Now, I went into the sites-enabled configuration for Landscape, and also changed the bindports accordingly – the HTTP listener on Port 80 now listens on 10080, and the SSL listener on Port 443 now listens on 10443 instead.

Second: GitLab.

This one’s easier, since we simply edit /etc/gitlab/gitlab.rb, and modify the following lines:

#nginx['listen_addresses'] = ['127.0.0.1']
#nginx['listen_port'] = 80

First, we uncomment the lines. And then, we change the 'listen_port' item to be whatever we want. I chose 20080. Then sudo gitlab-ctl reconfigure will apply those changes.

Finally, a reverse proxy server to handle everything.

Behold, we introduce a third web server: nginx, 1.8.0, from the NGINX Stable PPA.

This works by default because we already changed all the important bindhosts for services. Now the headache: we have to configure this nginx to do what we want.

Here’s a caveat: I prefer to run things behind HTTPS, with SSL. To do this, and to achieve it with multiple domains, I have a few wildcard certs. You’ll have to modify the configurations that I specify to set them up to use YOUR SSL certs. Otherwise, though, the configurations will be identical.

I prefer to use different site configuration files for each site, so we’ll do that. Also note that you will need to put in real values where I say DOMAIN.TLD and such, same for SSL certs and keys.

First, the catch-all for catching other domains NOT hosted on the server, placed in /etc/nginx/sites-available/catchall:

server {
listen 80 default_server;

server_name _;

return 406; # HTTP 406 is "Not Acceptable". 404 is "Not Found", 410 is "Gone", I chose 406.
}

Second, a snippet file with the configuration to be imported in all the later configs, with reverse proxy configurations and proxy-related settings and headers, put into /etc/nginx/snippets/proxy.settings.snippet:


proxy_redirect off;
proxy_set_header Host $host;
proxy_set_header X-Real-IP $remote_addr;
proxy_set_header X-Forwarded-For $proxy_add_x_forwarded_for;
proxy_max_temp_file_size 0;

proxy_connect_timeout 90;
proxy_send_timeout 90;
proxy_read_timeout 90;

proxy_buffer_size 4k;
proxy_buffers 4 32k;
proxy_busy_buffers_size 64k;
proxy_temp_file_write_size 64k;

Third, the reverse-proxy configuration for Landscape, which is fairly annoying and took me multiple tries to get working right, placed in /etc/nginx/sites-available/landscape_reverseproxy. Don’t forget that Landscape needs SSL for parts of it, so you can’t skip SSL here:


server {
listen 443 ssl;

server_name landscape.DOMAIN.TLD;

ssl_certificate PATH_TO_SSL_CERTIFICATE; ##### PUT REAL VALUES HERE!
ssl_certificate_key PATH_TO_SSL_CERTIFICATE_KEY; ##### PUT REAL VALUES HERE

# These are courtesy of https://cipherli.st, minus a few things.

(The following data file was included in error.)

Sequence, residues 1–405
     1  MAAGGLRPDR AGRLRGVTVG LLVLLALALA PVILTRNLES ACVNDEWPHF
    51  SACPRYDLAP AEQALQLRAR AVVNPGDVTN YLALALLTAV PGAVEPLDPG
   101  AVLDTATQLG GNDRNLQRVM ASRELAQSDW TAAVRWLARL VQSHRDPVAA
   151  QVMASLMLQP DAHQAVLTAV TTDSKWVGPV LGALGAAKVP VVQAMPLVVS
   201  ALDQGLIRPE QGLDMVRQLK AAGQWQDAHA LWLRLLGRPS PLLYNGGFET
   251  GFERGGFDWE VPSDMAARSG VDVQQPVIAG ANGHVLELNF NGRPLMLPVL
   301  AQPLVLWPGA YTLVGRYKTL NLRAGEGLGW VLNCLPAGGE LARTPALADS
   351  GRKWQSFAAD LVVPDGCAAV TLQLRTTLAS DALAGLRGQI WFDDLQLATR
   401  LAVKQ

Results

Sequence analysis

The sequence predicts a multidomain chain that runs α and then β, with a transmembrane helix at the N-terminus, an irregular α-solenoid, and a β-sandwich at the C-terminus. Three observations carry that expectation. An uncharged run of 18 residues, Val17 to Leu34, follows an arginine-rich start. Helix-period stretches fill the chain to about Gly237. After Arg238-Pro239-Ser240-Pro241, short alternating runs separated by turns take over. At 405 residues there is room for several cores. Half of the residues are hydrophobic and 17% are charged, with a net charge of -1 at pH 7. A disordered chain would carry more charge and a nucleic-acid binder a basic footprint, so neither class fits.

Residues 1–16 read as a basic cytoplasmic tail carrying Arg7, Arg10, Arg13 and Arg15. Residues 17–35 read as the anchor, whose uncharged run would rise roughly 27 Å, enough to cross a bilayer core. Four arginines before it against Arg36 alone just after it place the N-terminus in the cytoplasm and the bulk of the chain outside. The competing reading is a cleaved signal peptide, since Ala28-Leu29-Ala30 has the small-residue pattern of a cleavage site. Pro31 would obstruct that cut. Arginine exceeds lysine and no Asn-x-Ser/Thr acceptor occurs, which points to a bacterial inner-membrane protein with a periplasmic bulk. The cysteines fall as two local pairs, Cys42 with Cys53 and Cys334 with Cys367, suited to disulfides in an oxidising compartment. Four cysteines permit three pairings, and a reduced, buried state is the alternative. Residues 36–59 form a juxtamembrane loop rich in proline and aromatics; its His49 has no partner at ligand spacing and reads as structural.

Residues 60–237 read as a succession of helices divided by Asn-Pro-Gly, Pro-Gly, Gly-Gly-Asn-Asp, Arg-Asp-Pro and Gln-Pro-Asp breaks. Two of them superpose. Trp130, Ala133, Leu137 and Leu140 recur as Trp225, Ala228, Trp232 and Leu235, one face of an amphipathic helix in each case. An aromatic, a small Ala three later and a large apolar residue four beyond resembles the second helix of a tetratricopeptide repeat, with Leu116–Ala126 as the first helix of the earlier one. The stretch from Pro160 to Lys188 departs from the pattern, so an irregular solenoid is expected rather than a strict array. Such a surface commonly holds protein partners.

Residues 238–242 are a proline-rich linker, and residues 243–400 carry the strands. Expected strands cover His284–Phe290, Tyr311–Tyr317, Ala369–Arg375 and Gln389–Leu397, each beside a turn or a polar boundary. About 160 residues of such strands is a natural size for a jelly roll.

ssl_ciphers "EECDH+AESGCM:EDH+AESGCM:AES256+EECDH:AES256+EDH";
ssl_protocols TLSv1 TLSv1.1 TLSv1.2;
ssl_prefer_server_ciphers on;
ssl_session_cache shared:SSL:10m;
ssl_session_tickets off;

include /etc/nginx/snippets/proxy.settings.snippet;

location / {
proxy_pass https://127.0.0.1:10443/;
}

location /message-system {
proxy_pass https://127.0.0.1:10443/;
}
}

server {
listen 80;
server_name landscape.DOMAIN.TLD;

include /etc/nginx/snippets/proxy.settings.snippet;

location / {
return 301 https://landscape.DOMAIN.TLD$request_uri;
}

location /ping {
proxy_pass http://127.0.0.1:10080/;
}
}

Forth, the reverse-proxy configuration for GitLab, which was not as hard to make working. Remember, I put this behind SSL, so I have SSL configurations here. I’m including comments for what to put if you want to NOT have SSL:

# If you don't want to have the SSL listener, you don't need this first server block
server {
listen 80;
server_name gitlab.DOMAIN.TLD

# We just send all HTTP traffic over to HTTPS here.
return 302 https://gitlab.DOMAIN.TLD$request_uri;
}

server {
listen 443 ssl;
# If you want to have this listen on HTTP instead of HTTPS,
# uncomment the below line, and comment out the other listen line.
#listen 80;
server_name gitlab.DOMAIN.TLD;

# If you're not using HTTPS, remove from here to the line saying
# "Stop SSL Remove" below
ssl_certificate /etc/ssl/hellnet.io/hellnet.io.chained.pem;
ssl_certificate_key /etc/ssl/hellnet.io/hellnet.io.key;

ssl_ciphers "EECDH+AESGCM:EDH+AESGCM:AES256+EECDH:AES256+EDH";
ssl_protocols TLSv1 TLSv1.1 TLSv1.2;
ssl_prefer_server_ciphers on;
ssl_session_cache shared:SSL:10m;
ssl_session_tickets off; # Requires nginx >= 1.5.9
# Stop SSL Remove

include /etc/nginx/snippets/proxy.settings.snippet;

location / {
proxy_pass http://127.0.0.1:20080/;
}
}

System specifications considerations

Landscape is not light on resources. It takes about a gig of RAM to run safely, from what I’ve observed, but 2GB is more recommended.

GitLab recommends AT LEAST 2GB of RAM. It uses at least that, so you should have 3GB for this at the minimum.

Running both demands just over 3GB of RAM. You can run it on a 4GB box, but it’s better to have double that space just in case, especially if Landscape and Gitlab both get heavy use. I run it on an 8GB converted desktop, which is now a Linux server but used to be a Desktop.